The latest study from LifeWay Research calls on churches to consider what the Bible says
about the purpose of the church, and once they do, to be prepared to make some
drastic changes if their mission doesn’t line up with scripture.
released earlier this year and co-authored by Ed Stetzer and Thom Rainer,
suggests that too many churches across the country are working from a
blueprint, or scorecard, that does not reflect the true mission of the church.
Stetzer and Rainer write that the old scorecard — the one most churches use —
only values the “external measures of the three Bs: bodies, budget, and
Bad things happen when that
scorecard is the only measure of church success. “As long as we use it, we will
continue to be inward-focused, program-driven, and church-based in our thinking
and leadership,” writes Reggie McNeal in Missional Renaissance.
According to the LifeWay
study, transformational churches are churches living out their biblical
purpose. They follow a scorecard that reflects the “ultimate measure of the
church,” which is “to see people following Christ and living on mission … at
its essence the new scorecard must measure how well we are making disciples.”
Changing the scorecard and
making disciples is the focus of the 2011 Find it Here: Embracing Christ
emphasis coordinated by the Baptist State Convention of North Carolina (BSC).
Find it Here is a three-year focus on evangelism, discipleship and missions.
This year launched an intentional focus on evangelism, next year focuses on
discipleship, and missions is the 2012 focus.
“In Find it Here North
Carolina, we want to make sure that North Carolina Baptists focus on the
entirety of the Great Commission. Baptizing, teaching them to obey, and to live
out a lifestyle of discipleship and missions,” said Lynn Sasser, BSC Executive
Leader for Congregational Services.
Find it Here seeks to help
equip believers to come alongside new believers and teach them what it means to
live for Jesus Christ. “Conversion marks the beginning of an individual’s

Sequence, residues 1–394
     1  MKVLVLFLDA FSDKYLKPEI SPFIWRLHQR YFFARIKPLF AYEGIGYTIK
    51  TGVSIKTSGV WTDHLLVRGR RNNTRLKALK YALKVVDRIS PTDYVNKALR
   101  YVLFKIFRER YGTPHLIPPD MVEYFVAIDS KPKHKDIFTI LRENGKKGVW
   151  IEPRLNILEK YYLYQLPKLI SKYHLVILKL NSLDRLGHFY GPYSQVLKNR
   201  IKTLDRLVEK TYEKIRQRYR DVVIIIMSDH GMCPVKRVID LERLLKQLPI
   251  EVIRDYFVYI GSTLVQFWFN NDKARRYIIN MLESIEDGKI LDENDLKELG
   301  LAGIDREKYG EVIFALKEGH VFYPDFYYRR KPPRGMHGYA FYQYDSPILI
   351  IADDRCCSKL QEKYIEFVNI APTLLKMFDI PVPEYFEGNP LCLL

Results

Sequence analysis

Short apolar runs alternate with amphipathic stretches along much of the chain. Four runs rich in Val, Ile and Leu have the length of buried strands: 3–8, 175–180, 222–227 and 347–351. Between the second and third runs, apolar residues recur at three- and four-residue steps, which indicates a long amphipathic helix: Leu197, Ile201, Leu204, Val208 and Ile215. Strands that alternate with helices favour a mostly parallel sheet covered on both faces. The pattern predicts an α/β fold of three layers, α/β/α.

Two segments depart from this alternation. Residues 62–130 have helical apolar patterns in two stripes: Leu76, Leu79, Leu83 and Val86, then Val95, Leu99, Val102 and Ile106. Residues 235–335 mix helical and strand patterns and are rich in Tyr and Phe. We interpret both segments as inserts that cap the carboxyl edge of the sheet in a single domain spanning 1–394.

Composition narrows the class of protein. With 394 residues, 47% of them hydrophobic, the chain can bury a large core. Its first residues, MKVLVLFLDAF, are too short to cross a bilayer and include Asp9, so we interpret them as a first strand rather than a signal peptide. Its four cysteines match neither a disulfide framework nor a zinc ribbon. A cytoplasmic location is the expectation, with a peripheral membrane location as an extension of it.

lifetime journey of following Christ,” Sasser said. “As Baptists we have always
celebrated conversion and baptism, as we well should. However, it’s also true
that as Baptists we have often failed in our responsibility to teach new
believers to observe or to obey all that Jesus commanded us to do.”
Churches signing up to
participate in Find it Here commit to:
- praying for disciples
- preaching on
- teaching discipleship in
classrooms and in homes
- making disciples by
participating in the 2011 Easter evangelism emphasis
- becoming disciples
by serving in the community
Churches can sign up at www.finditherenc.org. The site will also include free downloadable
resources to help churches as they carry out these commitments. Resources
include sermon outlines, youth devotion guides and family devotion guides.
Sasser described a disciple
as one who “abides in Christ and does what Jesus did.” Sasser said discipleship
comes in many contexts, such as from the pulpit, during corporate worship,
Sunday School, small groups and personal study.
Discipleship is hard work
because it speaks to every part of a Christian’s life — their lifestyle must be
one that glorifies Christ and seeks to make Him known to others. Churches that
embrace discipleship as a core value will focus on discerning their context and
understanding the community in which they exist, cultivating a missionary
mentality, and being intentional in building relationships and praying.
Chuck Register, BSC
Executive Leader for Church Planting and Missions Development, said
discipleship is more likely to become part of a church ministry’s and focus
when that church and its leadership realizes transformation is the goal. “One
of the things that we must do in Baptist life is to begin to hold up to our
pastors and our churches that the definition of success for ministry is life
transformation,” he said. “It is helping a new believer begin to live, look
like Jesus Christ. And that’s hard work. That’s life on life, iron sharpening
Discipleship is the step
that should naturally come after evangelism, so Find it Here 2011 is a great
way for churches that participated in this year’s Find it Here emphasis to
build on their evangelism efforts.
“The 2010 evangelism
component was our first step. It was like building the foundation of a house,”
said Don McCutcheon, BSC Executive Leader for Evangelization. “This doesn’t
mean that we stop evangelism. It means we’re going to do this all three years.
Hopefully this will become part of a church’s DNA.”
Resources will be online in